No element of the law is more confusing than that under the conflict of laws and the conflict between the places of making and performance of a contract where such places are not the same. This confusion is mainly caused as a result of the existence of a number of choice of law that courts have developed and applied over the years in contract cases. Law governing contracts apply to the parties regardless of the fact that which conflict of laws rule is applied.
Courts have recognized that there may be a “false conflict.” To resolve a conflict of law issue, the court must determine whether there is a true conflict exists between the application of differing states’ laws. Under general conflict of laws principles, if the laws of the two jurisdictions produce the same result on a particular issue presented, then there is a false conflict. Under this condition, the court must avoid the choice-of-law question[i] and apply the presumptive local law. If a true conflict of laws exists, a court must then determine which state has the greater interest in the application of its law[ii]. Under the most significant relationship test used in choice of law cases, courts must take into account[iii]:
- Place of the alleged contracting or where the relationship is centered;
- Place of negotiating the alleged contract;
- Place of the alleged performance;
- Place of the subject matter; and
- Place(s) of incorporation and business of the parties.
It can be seen that courts have abandoned the traditional conflict-of-laws rules. Instead, courts adopted the rules regarding the rights and duties of the parties with respect to an issue in contract are determined by the local law of the state which has the most significant relationship to the transaction and the parties. This rule is known as significant relationship rule. In addition to being referred to as the “significant relationship” rule, this is also referred to as the center-of-gravity theory, the interest weighing or choice-influencing theory, the grouping of contacts theory. Under this rule, courts apply the law of the state with the most significant or substantial contacts with the parties and the transaction underlying the lawsuit in the absence of a valid contractual choice of law. One of the traditional conflict-of-laws rules that many courts abandoned in favor of the significant relationship rule is that the construction and validity of a contract are governed by the law of the place where it is made.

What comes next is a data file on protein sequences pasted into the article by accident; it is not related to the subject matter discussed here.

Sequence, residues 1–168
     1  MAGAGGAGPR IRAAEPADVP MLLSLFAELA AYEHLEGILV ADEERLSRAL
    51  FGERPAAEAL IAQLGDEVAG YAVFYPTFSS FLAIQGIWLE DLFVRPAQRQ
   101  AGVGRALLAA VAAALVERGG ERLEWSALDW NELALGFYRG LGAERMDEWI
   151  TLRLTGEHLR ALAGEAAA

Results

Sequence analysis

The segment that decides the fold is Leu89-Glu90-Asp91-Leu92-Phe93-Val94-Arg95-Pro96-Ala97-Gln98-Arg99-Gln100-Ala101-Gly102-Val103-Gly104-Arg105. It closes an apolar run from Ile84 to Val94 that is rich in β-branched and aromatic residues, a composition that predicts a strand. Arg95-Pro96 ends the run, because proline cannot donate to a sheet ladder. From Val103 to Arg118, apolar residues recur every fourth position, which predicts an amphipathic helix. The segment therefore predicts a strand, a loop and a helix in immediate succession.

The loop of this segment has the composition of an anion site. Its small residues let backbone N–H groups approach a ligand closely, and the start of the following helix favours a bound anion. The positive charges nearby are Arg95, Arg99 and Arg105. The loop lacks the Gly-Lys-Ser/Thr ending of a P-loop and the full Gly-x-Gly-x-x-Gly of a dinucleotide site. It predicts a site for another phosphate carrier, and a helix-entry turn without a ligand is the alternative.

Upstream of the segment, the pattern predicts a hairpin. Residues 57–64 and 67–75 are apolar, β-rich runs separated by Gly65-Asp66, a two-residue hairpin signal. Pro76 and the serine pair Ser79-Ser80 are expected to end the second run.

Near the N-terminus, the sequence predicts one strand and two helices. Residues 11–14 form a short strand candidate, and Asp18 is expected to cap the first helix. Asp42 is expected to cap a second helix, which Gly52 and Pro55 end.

It is to be noted that some courts have stated that the parties to a contract may effectively agree as to that state whose law will govern the validity, construction, interpretation, and effect of the contract. Some courts have reasoned that there is no justification for precluding parties to a contract from stipulating that the laws of any jurisdiction must govern the rights and obligations of the parties, if they are not against public policy.
[i] Underhill Inv. Corp. v. Fixed Income Disc. Advisory Co., 319 Fed. Appx. 137, 140 (3d Cir. Del. 2009)
[ii] Hammersmith v. TIG Ins. Co., 480 F.3d 220 (3d Cir. Pa. 2007)
[iii] Underhill Inv. Corp. v. Fixed Income Disc. Advisory Co., 319 Fed. Appx. 137, 140 (3d Cir. Del. 2009)